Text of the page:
I’d had this one sitting on my review pile for literally months, but for some reason I’d never actually flipped it on. Turns out I was missing out – it’s a lovely little find.
Parades are a Sydney four piece that were apparently formed in early 2008. For the most part they make understated semi-lo-fi pop (think The Radio Dept., Notwist, perhaps The Postal Service, et al) that straddles the gap between electronic pop and and a live band dynamic, while occasionally their sound expands to a dense, atmospheric, even anthemic full band sound (somewhat Expatriate-esque, but with more Explosions in the Sky and less new wave 80s bands).
Their self-titled EP contains 5 tracks, each featuring concise and to-the-point songwriting (not always a common trait in music of this ilk), and melodies that are frequently tweaked to perfection and instantly hummable. Opener Shut Up And Be Young opens with a classic sing-along sunshine-y refrain underscored by ambience and propelled by a simple click-and-glitch drum program, while second track Invaders has a great driving synth bassline and constant momentum, punctuated by shimmery guitar arpeggios and organs. Emotion is presented in its primary colours, but don’t be alarmed: it works, mostly because it doesn’t sound contrived.
Third track Mountain Moves doesn’t exactly reach out and grab me – it plays pretty straight cards as a normal poppy indie rock band song – but it’s certainly competent. The Replicant is extremely Radiohead-esque (mostly a cross between Sit Down. Stand Up. and The Gloaming), and it’s perhaps a little melodramatic, but stands as a solid tune. The EP closer Great White North is another indie rock moment, but features a great dynamic build, nice duo-ing of guy and girl vocals and a great all-out post-rock climax – a great performance.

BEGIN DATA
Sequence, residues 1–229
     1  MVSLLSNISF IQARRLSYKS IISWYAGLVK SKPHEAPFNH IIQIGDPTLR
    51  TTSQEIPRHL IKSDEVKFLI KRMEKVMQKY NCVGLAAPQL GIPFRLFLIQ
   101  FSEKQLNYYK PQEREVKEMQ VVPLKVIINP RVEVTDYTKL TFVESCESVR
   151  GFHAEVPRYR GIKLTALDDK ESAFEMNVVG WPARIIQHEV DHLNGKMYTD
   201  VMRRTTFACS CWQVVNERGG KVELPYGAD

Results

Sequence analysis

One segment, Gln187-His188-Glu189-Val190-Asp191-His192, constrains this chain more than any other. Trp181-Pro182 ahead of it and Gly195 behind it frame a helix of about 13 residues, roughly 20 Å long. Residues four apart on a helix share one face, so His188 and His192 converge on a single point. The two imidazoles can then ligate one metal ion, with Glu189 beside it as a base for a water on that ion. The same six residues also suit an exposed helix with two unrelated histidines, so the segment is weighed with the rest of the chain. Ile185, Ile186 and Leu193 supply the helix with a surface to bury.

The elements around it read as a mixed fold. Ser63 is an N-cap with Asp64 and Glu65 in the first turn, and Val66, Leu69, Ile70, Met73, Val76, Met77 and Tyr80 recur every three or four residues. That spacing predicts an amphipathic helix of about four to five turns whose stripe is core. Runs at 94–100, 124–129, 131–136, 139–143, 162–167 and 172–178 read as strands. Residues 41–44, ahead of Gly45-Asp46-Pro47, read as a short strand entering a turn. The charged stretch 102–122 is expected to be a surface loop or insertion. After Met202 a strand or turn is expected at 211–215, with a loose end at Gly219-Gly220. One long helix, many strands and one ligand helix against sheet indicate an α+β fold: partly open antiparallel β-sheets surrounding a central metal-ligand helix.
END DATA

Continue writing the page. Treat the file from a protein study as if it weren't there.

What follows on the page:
For an album entirely recorded, mixed and mastered entirely in one of the band member’s garages, the recording carries itself surprisingly well. The performances sounds confident, in part because they don’t attempt to achieve more than their strengths allow, which works to the band’s advantage. The sound quality may not be up to scratch compared to a studio recording, but at the same time the band sounds like they’ve been afforded the liberty of developing their sound at their leisure, which can only be a good thing. I’d love to hear the group in the hands of the right producer to smooth some of the bumps and maybe introduce a new perspective to their songs, but given the band’s capable creation of this release, there’s no reason they can’t build on their experience for the next time round.
In short, this group is on my list of bands to watch. Read this post on their Myspace for info on how to order their EP, and if you want to see them live you can catch them at World Bar with Papa vs Pretty on March 6th.
- Shut Up and Be Young (mp3)